Monday, April 19, 2004

World War II veteran shares horrors of war with students

'I try to make it real to them'

By Howard Wilkinson
The Cincinnati Enquirer

MOUNT WASHINGTON - Clifford Park decided a long time ago there was no point bottling up the memories of the horrors he saw nearly 60 years ago as a 19-year-old soldier in the waning months of the war against Nazi Germany.

WWII veteran Clifford Park holds a photograph of himself from his early US Army days.
(Michael E. Keating photo)
He saw fellow soldiers - friends and comrades - die in agony. He saw the walking skeletons of those who survived a Nazi death camp, and the lifeless bodies of those who did not survive stacked like cordwood by the hundreds inside the prison gates. Towns blasted into rubble, and endless processions of refugees trying to escape the violence.

It was a lot for one young man from Cincinnati, only a year removed from a classroom at Withrow High School.

"My world changed very quickly," says the 78-year-old Mount Washington man, who next month will go to Washington, D.C., to join tens of thousands of his fellow World War II veterans for the dedication of a national memorial to the 16 million who served and the 400,000 who lost their lives.

Unlike many World War II veterans who only reluctantly summon up the most disturbing memories of their service 60 years ago, Park talks frequently about his experiences and those of the unit in which he served - the 104th Infantry Division, known as the Timberwolf Division.

But it's who he talks to that, to Park, is most important - young people, high school and college students young enough to be his grandchildren.

Retired now, he is a frequent guest speaker at area high schools and college classrooms, a piece of living history for young people. At Hebrew Union College's Center for Holocaust & Humanity Education, he is one of the concentration camp liberators called on from time to time to talk to groups of students touring the Mapping Our Tears exhibit that chronicles the stories of European Jews oppressed by the Nazi regime.

"I try to make it real to them; I try to tell them what it was like," Park says. Sitting in the living room of his apartment, he flips through a file folder full of photos from Mittelbau Dora, the concentration camp in Nordhausen, Germany, that the Timberwolf soldiers liberated in April 1945.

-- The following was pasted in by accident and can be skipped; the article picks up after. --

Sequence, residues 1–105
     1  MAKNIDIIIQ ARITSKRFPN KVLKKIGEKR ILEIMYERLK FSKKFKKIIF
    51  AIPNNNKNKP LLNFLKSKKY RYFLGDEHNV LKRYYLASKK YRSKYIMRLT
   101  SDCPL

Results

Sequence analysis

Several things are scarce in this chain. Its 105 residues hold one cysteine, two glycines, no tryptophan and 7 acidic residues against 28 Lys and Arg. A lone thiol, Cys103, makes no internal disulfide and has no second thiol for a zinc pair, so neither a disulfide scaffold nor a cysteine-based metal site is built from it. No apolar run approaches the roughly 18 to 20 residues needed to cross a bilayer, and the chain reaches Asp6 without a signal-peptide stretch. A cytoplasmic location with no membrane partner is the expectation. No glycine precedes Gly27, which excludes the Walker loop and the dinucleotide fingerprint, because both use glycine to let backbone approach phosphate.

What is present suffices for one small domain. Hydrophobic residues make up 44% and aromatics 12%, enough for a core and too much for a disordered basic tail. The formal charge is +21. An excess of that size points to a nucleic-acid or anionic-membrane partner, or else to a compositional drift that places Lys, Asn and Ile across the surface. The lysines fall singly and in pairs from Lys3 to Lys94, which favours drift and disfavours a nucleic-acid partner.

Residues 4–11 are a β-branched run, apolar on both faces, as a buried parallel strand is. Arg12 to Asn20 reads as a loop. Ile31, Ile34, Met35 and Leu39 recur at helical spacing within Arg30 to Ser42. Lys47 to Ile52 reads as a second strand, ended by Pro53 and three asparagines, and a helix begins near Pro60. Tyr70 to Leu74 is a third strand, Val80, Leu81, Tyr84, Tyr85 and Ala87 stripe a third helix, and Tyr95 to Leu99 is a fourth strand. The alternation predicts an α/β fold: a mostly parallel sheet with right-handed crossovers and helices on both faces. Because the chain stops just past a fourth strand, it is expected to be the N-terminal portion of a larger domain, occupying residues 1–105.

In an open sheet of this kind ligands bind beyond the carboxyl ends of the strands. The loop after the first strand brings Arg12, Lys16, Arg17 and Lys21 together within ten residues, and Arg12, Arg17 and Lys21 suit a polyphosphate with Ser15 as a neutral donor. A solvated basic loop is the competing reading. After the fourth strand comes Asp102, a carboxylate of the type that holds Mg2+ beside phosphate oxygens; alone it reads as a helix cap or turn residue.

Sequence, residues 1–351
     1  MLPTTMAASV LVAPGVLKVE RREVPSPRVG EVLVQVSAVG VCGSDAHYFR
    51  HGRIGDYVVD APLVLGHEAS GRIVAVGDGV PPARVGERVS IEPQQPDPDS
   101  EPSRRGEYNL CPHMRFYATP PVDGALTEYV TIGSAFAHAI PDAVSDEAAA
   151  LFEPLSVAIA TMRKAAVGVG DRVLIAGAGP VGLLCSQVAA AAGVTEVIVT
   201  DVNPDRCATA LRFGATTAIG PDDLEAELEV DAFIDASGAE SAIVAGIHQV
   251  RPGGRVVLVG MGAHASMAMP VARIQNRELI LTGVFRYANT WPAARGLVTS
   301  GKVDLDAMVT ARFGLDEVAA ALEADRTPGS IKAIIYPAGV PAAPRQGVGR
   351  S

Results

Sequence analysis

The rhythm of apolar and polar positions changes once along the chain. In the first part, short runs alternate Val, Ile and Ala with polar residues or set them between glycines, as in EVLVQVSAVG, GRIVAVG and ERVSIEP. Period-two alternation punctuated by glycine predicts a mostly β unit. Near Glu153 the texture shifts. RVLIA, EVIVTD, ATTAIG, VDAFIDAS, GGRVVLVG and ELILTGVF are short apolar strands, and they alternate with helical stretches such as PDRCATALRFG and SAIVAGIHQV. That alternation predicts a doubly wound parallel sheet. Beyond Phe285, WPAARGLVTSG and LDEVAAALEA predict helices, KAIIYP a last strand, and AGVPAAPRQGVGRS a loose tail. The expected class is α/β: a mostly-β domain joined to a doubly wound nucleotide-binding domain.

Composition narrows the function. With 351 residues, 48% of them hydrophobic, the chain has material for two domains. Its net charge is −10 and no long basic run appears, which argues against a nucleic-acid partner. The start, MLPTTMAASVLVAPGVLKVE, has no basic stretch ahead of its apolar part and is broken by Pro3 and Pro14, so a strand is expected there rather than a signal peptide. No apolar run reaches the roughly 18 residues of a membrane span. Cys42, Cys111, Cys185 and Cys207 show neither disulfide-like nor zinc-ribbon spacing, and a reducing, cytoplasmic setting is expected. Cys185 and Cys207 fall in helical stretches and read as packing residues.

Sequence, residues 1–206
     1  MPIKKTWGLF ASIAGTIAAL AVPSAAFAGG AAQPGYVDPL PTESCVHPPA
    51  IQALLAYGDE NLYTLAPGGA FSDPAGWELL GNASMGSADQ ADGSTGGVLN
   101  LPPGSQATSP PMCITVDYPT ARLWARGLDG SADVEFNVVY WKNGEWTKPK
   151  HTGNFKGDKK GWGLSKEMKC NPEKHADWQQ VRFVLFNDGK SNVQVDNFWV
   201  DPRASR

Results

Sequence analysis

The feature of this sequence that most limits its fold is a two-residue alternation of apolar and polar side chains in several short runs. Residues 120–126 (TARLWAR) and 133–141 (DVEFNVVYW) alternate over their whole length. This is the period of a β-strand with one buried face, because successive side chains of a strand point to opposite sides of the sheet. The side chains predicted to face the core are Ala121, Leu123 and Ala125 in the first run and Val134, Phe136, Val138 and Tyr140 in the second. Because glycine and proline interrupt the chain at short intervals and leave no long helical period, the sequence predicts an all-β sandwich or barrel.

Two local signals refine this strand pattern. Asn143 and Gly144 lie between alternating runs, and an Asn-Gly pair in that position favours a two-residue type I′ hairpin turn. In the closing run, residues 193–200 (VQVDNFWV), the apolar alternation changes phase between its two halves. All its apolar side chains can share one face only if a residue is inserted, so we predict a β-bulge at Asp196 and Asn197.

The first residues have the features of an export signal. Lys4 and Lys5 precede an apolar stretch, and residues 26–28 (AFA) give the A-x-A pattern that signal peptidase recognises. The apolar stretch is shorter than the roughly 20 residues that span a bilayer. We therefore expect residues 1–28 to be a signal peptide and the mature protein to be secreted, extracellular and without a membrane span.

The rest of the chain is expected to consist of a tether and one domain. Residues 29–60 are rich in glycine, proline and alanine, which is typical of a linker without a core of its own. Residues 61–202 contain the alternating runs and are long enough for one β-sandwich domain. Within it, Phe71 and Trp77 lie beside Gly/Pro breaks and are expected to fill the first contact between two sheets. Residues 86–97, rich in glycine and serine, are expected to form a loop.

Thousands died at Mittelbau Dora, many of them Russian and Polish slave laborers, Jewish and non-Jewish, who toiled underground digging tunnels for the Nazis' secret rocket program.

"They know about Iraq, they know what happened with Saddam Hussein," Park says, "but they have no idea the magnitude of what happened in World War II. They have nothing to compare it to."

In late 1944, when he was just 18, Park was not unlike those young people he talks to today. He had two older brothers already in the service - one serving as an Army officer in France and the other in the Army Air Corps in Italy - and he, too, enlisted soon after high school graduation.

By early 1945, he found himself among the thousands of replacement troops rushed to Europe after Allied forces were decimated by the Battle of the Bulge. He pushed across France and Holland and into Germany with the Timberwolves.

Palm Sunday 1945 was a day he will never forget. The young corporal's squad had taken over a house in a small German village, sending the old man who lived there and his granddaughter into the basement.

Early that morning, the old man got out of the basement and grabbed a bazooka lying next to some still dozing soldiers and fired. The grenade tore the house apart, killing two of the soldiers instantly and wounding Park in the leg and head.

"The room was filled with plaster falling; I remember getting up and seeing one guy laying in the front of the room, with his leg way over on the other side of the room," Park says. "It was pretty bad."

Park ended up being evacuated to an Army hospital south of Paris to recuperate. He rejoined his unit at Nordhausen in April, just after the Timberwolves had liberated the camp, finding about 5,000 corpses and many prisoners who were nearly starved to death.

"They looked like little kids playing dress-up, the way their clothes just hung off of them," Park said of the camp survivors he encountered at Nordhausen. "They were nothing but skin and bones. Grown men who weighed 75, 80 pounds. Seeing men in that condition sticks with you."

Today, Park tells these stories and more to young people. Often, he said, they ask if war is like what they see in the movies.

"I tell them it's nothing like that," Park says. "It's not John Wayne standing up firing 150 rounds at once and walking away without a scratch. First of all, you don't stand up in combat. If you do, you're dead."

At 78, Park is among the youngest of those who served in World War II; most are well into their 80s now.

"I am going to do this as long as I can, as long as I can get up and get around," Park says of his work with young people. "It's a story that needs to be told."

WWII Memorial: The Veterans' Pilgrimage

On Memorial Day weekend, the National World War II Memorial will be dedicated in Washington, D.C. This is the second of seven Enquirer profiles of local veterans who served their country during World War II.



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